In the midst of the bushes on the bank stood a tree. It was not tall compared to the other trees of the Dingle, but standing alone as it did amongst the undergrowth it attracted the eye at once. Barrett, looking at it, saw something which made him forget water-wagtails for the moment. In a fork in one of the upper branches was a nest, an enormous nest, roughly constructed of sticks. It was a very jerry-built residence, evidently run up for the season by some prudent bird who knew by experience that no nest could last through the winter, and so had declined to waste his time in useless decorative work. But what bird was it? No doubt there are experts to whom a wood-pigeon's nest is something apart and distinct from the nest of the magpie, but to your unsophisticated amateur a nest that is large may be anything--rook's, magpie's, pigeon's, or great auk's. To such an one the only true test lies in the eggs. _Solvitur ambulando_. Barrett laid the pill-boxes, containing the precious specimens he had found in the nest at the top of the hill, at the foot of the tree, and began to climb.
It was to be a day of surprises for him. When he had got half way up he found himself on a kind of ledge, which appeared to be a kind of junction at which the tree branched off into two parts. To the left was the nest, high up in its fork. To the right was another shoot. He realized at once, with keen disappointment, that it would be useless to go further. The branches were obviously not strong enough to bear his weight. He looked down, preparatory to commencing the descent, and to his astonishment found himself looking into a black cavern. In his eagerness to reach the nest he had not noticed before that the tree was hollow.
This made up for a great many things. His disappointment became less keen. Few things are more interesting than a hollow tree.
'Wonder how deep it goes down,' he said to himself. He broke off a piece of wood and dropped it down the hollow. It seemed to reach the ground uncommonly soon. He tried another piece. The sound of its fall came up to him almost simultaneously. Evidently the hole was not deep. He placed his hands on the edge, and let himself gently down into the darkness. His feet touched something solid almost immediately. As far as he could judge, the depth of the cavity was not more than five feet. Standing up at his full height he could just rest his chin on the edge.
He seemed to be standing on some sort of a floor, roughly made, but too regular to be the work of nature. Evidently someone had been here before. He bent down to make certain. There was more room to move about in than he suspected. A man sitting down would find it not uncomfortable.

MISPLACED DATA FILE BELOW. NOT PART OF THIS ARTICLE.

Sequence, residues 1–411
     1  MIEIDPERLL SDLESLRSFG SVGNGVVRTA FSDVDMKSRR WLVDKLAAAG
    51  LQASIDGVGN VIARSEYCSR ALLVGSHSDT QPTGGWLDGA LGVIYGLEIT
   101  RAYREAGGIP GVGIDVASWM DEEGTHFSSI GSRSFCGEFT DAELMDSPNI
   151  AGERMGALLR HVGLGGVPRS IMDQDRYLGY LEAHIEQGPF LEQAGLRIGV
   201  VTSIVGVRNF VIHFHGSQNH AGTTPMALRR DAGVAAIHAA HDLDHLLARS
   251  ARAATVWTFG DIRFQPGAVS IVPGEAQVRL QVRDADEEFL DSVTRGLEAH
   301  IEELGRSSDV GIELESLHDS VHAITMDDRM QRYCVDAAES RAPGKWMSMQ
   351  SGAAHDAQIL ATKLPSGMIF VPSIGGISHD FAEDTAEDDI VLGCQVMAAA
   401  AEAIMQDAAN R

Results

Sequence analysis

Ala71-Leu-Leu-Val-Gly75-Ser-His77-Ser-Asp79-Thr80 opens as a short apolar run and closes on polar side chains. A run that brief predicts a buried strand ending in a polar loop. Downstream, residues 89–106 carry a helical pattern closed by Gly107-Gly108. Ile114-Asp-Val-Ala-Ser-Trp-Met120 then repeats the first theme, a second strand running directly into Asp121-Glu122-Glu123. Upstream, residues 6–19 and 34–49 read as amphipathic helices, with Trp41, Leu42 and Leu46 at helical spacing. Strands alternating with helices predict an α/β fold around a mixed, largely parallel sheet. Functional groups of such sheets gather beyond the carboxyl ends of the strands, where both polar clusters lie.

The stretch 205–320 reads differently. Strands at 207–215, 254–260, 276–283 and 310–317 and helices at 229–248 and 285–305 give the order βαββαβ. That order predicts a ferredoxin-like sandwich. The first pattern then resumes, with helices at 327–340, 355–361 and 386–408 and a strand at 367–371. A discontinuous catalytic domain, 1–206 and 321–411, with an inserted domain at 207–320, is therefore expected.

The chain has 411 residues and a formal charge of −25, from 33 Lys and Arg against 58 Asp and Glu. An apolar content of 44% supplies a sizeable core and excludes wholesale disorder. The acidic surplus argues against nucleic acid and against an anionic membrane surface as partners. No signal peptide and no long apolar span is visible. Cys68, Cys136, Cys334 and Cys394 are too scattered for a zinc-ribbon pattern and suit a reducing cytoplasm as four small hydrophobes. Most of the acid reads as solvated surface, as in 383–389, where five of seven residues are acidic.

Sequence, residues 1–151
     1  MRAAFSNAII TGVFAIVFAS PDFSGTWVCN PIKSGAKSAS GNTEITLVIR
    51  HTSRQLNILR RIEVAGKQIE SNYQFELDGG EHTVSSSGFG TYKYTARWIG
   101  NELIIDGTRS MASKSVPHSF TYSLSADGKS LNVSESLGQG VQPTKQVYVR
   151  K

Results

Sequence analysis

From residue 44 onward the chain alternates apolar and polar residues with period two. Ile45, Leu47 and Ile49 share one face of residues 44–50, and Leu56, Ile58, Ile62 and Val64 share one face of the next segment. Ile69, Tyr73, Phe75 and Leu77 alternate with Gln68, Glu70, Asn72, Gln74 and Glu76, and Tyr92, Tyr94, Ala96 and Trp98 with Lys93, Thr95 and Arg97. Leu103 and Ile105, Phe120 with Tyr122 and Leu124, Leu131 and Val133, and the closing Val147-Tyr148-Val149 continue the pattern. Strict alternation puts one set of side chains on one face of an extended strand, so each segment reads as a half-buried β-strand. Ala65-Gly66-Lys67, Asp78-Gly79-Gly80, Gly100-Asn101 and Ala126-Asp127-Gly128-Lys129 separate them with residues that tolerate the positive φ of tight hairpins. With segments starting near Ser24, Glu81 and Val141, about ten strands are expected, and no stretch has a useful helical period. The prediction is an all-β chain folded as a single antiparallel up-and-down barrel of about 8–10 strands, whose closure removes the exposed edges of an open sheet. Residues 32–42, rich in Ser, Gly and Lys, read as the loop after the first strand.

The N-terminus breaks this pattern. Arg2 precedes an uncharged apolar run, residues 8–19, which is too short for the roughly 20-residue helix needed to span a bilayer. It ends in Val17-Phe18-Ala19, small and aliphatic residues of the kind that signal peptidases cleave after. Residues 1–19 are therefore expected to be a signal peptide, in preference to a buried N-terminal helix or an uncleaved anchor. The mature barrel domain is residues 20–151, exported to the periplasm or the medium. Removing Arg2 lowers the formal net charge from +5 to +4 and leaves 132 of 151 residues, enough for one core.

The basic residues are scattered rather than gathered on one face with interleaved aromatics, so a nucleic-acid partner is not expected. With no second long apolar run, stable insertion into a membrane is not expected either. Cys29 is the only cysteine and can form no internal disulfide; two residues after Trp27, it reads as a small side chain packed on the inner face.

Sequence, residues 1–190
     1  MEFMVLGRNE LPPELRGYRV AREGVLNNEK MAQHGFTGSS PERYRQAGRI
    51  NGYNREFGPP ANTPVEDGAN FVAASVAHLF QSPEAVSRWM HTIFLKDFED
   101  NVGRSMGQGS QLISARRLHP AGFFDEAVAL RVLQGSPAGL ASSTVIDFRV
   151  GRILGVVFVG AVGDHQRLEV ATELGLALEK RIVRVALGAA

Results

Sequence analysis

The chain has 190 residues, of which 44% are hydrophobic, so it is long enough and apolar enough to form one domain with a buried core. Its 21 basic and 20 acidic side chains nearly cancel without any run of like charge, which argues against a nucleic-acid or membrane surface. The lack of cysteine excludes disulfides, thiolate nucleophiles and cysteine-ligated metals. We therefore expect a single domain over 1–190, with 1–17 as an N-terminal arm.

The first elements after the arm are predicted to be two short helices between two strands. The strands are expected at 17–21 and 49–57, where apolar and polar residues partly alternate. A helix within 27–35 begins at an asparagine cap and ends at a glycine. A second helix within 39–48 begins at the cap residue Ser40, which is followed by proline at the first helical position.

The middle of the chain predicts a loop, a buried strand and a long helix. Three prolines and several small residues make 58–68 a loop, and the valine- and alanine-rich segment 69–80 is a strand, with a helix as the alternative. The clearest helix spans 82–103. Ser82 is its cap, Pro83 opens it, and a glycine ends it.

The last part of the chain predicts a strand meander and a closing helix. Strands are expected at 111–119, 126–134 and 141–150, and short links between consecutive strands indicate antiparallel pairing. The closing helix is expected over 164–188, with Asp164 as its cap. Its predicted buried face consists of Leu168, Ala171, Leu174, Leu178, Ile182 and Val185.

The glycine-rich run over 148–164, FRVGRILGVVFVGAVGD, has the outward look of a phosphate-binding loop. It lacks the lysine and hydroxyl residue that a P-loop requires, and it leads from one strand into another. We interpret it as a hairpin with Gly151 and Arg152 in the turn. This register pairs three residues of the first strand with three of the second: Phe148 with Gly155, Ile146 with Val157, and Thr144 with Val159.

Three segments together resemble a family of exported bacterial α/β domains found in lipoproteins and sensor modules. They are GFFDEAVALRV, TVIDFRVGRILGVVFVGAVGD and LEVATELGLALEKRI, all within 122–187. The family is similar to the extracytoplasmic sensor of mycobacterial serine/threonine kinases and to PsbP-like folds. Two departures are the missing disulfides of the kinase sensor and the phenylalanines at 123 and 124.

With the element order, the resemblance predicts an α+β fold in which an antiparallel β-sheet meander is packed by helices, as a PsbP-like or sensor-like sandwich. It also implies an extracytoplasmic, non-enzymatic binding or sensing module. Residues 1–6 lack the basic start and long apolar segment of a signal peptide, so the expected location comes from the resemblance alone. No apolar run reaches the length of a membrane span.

He brushed his hand along the floor. Certainly it seemed to be constructed of boards. Then his hand hit something small and hard. He groped about until his fingers closed on it. It was--what was it? He could hardly make out for the moment. Suddenly, as he moved it, something inside it rattled. Now he knew what it was. It was the very thing he most needed, a box of matches.
The first match he struck promptly and naturally went out. No first match ever stays alight for more than three-fifths of a second. The second was more successful. The sudden light dazzled him for a moment. When his eyes had grown accustomed to it, the match went out. He lit a third, and this time he saw all round the little chamber. 'Great Scott,' he said, 'the place is a regular poultry shop.' All round the sides were hung pheasants and partridges in various stages of maturity. Here and there the fur of a rabbit or a hare showed up amongst the feathers. Barrett hit on the solution of the problem directly. He had been shown a similar collection once in a tree on his father's land. The place was the headquarters of some poacher. Barrett was full of admiration for the ingenuity of the man in finding so safe a hiding-place.
He continued his search. In one angle of the tree was a piece of sacking. Barrett lifted it. He caught a glimpse of something bright, but before he could confirm the vague suspicion that flashed upon him, his match burnt down and lay smouldering on the floor. His hand trembled with excitement as he started to light another. It broke off in his hand. At last he succeeded. The light flashed up, and there beside the piece of sacking which had covered them were two cups. He recognized them instantly.
'Jove,' he gasped. 'The Sports pots! Now, how on earth--'
At this moment something happened which took his attention away from his discovery with painful suddenness. From beneath him came the muffled whine of a dog. He listened, holding his breath. No, he was not mistaken. The dog whined again, and broke into an excited bark. Somebody at the foot of the tree began to speak.